In Appreciation Of Grey

It’s a synonym for uncertainty, for ageing, and depression. It’s no wonder that it never gets claimed as a favourite colour. It is camouflage for cars and clothes, blending in with crowds and concrete, proclaiming no happiness but not heavy enough for proper mourning, either. It’s not a storm, but still blocks the sun. It’s grey.

In Ireland, it’s the air we breathe. The island may be known as an emerald, but this precious stone is set in grey. Not clouds in particular, because there are no edges – only grey, without beginning and without end. One day, as I painted a mural on my daughter’s wall, my son asked me why I was using blue:

“I’m painting the sky”

“But Daddy, the sky’s not blue. The sky is grey.”

I looked out the window – it was. I told him that behind the grey, there’s blue, and sometimes we see that, too. When that happens, the emerald we live on sparkles like the jewel that it is. But lately I’ve noticed a strange thing about myself on those sunny days: There’s a part of me that misses the grey.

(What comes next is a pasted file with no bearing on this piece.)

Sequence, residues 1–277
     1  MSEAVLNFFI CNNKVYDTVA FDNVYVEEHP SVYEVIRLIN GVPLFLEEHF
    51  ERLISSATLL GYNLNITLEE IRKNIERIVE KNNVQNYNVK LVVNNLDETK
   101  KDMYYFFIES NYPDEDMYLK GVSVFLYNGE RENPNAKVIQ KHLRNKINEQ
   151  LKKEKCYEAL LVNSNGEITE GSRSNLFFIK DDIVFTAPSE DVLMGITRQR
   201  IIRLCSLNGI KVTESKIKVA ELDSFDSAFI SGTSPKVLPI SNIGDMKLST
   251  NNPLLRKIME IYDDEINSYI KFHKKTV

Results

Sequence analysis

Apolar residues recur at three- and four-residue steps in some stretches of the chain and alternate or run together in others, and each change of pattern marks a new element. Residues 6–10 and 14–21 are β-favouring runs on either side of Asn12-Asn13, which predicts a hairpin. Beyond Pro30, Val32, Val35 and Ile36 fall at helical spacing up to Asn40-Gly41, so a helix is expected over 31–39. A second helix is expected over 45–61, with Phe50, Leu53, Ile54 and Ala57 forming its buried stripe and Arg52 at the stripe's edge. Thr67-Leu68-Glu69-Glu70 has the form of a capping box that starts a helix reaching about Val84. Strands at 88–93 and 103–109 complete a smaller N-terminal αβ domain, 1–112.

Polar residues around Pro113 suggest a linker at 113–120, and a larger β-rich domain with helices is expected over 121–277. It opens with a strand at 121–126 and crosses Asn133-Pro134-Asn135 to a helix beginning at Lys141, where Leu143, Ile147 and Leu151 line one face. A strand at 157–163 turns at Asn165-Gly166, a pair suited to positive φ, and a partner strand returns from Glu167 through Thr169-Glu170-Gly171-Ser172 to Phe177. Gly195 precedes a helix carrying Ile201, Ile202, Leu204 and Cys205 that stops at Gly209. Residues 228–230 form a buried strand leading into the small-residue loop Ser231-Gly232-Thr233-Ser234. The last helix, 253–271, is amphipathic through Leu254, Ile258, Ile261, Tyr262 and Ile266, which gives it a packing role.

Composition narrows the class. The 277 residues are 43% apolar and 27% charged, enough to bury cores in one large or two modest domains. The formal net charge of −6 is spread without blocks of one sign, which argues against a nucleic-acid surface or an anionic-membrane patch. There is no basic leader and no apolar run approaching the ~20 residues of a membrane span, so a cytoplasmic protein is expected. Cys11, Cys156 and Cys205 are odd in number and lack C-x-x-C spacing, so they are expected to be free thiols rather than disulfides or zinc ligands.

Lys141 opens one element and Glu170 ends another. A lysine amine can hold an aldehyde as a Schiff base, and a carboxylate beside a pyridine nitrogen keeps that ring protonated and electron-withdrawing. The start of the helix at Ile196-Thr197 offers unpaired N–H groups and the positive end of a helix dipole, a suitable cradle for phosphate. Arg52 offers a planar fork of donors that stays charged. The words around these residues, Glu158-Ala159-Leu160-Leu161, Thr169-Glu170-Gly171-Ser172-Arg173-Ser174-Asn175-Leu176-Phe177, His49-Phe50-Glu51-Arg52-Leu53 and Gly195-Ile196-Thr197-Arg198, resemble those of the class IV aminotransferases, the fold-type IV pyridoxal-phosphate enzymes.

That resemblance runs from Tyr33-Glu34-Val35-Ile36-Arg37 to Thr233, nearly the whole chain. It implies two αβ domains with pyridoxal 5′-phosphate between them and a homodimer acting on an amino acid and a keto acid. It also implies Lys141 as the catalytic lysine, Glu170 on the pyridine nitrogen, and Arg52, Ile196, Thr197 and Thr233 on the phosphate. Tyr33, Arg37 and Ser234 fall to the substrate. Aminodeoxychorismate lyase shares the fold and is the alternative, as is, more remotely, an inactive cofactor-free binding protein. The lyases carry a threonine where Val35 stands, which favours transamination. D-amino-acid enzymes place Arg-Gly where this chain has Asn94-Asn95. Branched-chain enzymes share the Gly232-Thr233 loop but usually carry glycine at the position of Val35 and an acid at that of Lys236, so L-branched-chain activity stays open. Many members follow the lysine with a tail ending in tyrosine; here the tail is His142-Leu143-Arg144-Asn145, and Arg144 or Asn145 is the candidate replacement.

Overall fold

I didn’t realise grey was becoming my friend, but somehow it happened. I knew I was friends with the sun. I’m always happy to see him on his short visits, and I used to think grey was just a barrier keeping me from him. Now I see that grey can be a friend, too. No, not the one I’d pick for long days at the coast, but if I’m craving a cup of tea and a good book beside a fire, he’s the one I want to have around. And that’s something. 

Clear sunny skies call out to me that the world is big and ready to be explored, while grey skies remind me that the world is small and I have a place in it. As much as I love sunny treks and sand between my toes, I wouldn’t want every day to be like that. Sometimes all I want is to know that a close sky is wrapping the world in comfortable grey.

I thought that skies were supposed to be blue
Where I grew up, that was usually true
But now I live in impossible green
Where the skies are the greyest that I’ve ever seen

And now I’ve discovered that grey in the sky
Is not Nature’s brooding or long bitter sigh
But more like a blanket, an overhead throw
That comforts the living green jewel below

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